After the first week of the season, they were embarrassed. After the second week of the season, they were still last in the league against the run. Now, following a return to the kind of defense for which they had become known, their leader is left to talk about recovery.
"It's going to be early December before we get that down," Defensive Coordinator Mike Smith said of his unit's ranking against the run, which zoomed all the way up to 24th following a 47-yard performance in Denver.
That's what happens when you allow 282 yards rushing in your season-opener. A proud defense was brought to its knees and the only explanation Smith can offer is: "It was not a very good performance all the way around, from the secondary to the coaching staff."
When Smith met with reporters on Thursday, in a bye-week state of the defense address, his efforts were on turning the focus forward. The Jaguars want to put as much distance as possible between themselves and the opener against Tennessee, and the defense is currently on a five-quarters roll that gives fans hope that turnover and injuries on the defensive side of the ball can be overcome.
Clearly, this is not the same defense that rose to prominence over the previous four years. Marcus Stroud and Reggie Hayward are attempting to make comebacks from major surgeries. Clint Ingram hasn't played a down. Both safeties are new.
"Finally getting on track," middle linebacker Mike Peterson said. "Plug them in and don't miss a beat. That's what's expected. We all know it's not the same. Plug 'em in and keep moving. Now it's about living up to that."
All of this is putting a premium on Smith's performance because he's the guy who has to plug the pieces in. He has pass-rushers and run-stuffers and he has to know when and how to use them.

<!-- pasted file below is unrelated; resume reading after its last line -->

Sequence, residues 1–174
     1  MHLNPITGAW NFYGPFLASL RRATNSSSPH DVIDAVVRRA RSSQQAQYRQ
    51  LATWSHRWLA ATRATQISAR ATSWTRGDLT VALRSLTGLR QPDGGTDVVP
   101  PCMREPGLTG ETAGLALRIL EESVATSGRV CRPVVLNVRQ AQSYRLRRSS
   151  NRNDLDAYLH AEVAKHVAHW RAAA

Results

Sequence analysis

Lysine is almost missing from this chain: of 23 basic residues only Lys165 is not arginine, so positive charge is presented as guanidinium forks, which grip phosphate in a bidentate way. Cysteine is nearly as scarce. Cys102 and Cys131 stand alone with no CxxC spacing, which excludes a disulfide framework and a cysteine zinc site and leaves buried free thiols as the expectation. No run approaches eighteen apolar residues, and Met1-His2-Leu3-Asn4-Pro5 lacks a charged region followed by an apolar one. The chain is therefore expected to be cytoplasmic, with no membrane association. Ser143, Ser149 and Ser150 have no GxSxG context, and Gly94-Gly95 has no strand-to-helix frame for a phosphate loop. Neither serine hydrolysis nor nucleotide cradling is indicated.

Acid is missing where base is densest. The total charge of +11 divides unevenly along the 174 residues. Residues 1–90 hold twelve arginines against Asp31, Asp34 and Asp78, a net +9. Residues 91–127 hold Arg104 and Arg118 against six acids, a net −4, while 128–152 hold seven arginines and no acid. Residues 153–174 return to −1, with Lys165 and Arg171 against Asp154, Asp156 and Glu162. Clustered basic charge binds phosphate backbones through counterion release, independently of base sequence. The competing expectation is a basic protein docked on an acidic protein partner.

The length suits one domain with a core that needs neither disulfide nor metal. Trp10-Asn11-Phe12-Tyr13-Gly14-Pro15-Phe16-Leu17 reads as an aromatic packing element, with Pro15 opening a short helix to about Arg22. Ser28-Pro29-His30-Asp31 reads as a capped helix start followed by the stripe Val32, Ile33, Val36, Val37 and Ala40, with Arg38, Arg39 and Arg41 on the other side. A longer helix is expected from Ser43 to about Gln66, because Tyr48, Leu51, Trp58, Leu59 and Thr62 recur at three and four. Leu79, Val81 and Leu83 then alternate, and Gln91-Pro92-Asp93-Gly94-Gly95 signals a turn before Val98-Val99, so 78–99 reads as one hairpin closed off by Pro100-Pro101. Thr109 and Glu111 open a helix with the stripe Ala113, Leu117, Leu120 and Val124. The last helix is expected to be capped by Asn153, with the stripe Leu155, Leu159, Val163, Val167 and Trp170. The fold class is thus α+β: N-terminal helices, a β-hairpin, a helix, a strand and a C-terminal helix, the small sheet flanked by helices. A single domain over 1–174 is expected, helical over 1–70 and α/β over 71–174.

Bobby McCray and Brent Hawkins, for example, are defensive ends you want on the field in passing situations. Paul Spicer, on the other hand, is clearly better against the run. Then there's second-round draft pick Justin Durant, who's shown strong upside already and is someone Smith wants to keep on the field, but he has to be careful how he does it because Durant is a rookie and rookies, of course, make mistakes. We saw evidence of that most recently from rookie safety Reggie Nelson.
"This is a group that can be very good," Smith said of his defense. "We're very pleased with our points per game."
The Jaguars are number two in the league in points allowed per game. They're number six in total yards allowed and fourth in pass-defense. They're also number one in sacks per pass play and number four in first downs allowed per game.
Most of the numbers are very good. It's just that one number that's dogging them.
"We'd like to be very successful on first down, so we can get into third and manageable. Then you can play the pass. When you get into third and five, there are teams that will run the ball, so now you have to play pass and run.
"A win on first down is four yards or less. A win on second down is half the yardage necessary for a first down," Smith said. A win on third down, of course, is getting off the field.
The ultimate goal is to make your opponent one-dimensional. Make him have to pass. When you do that, you've achieved dominance.
"I think we're a very productive defense and these guys have been for four years," Smith said.
That's why that one number gnaws at them. This is a proud defense that's having to bear the shame from one game.
"We have played extremely well the last two weeks defending the run. We have some big, strong guys that allow us to be efficient against the run," Smith said.
Just ahead, of course, is Larry Johnson and the Kansas City Chiefs. Along the way, the Jaguars will face Joseph Addai, LaDainian Tomlinson, Willie Parker and, of course, the Tennessee Titans again. There will be plenty of opportunities for recovery.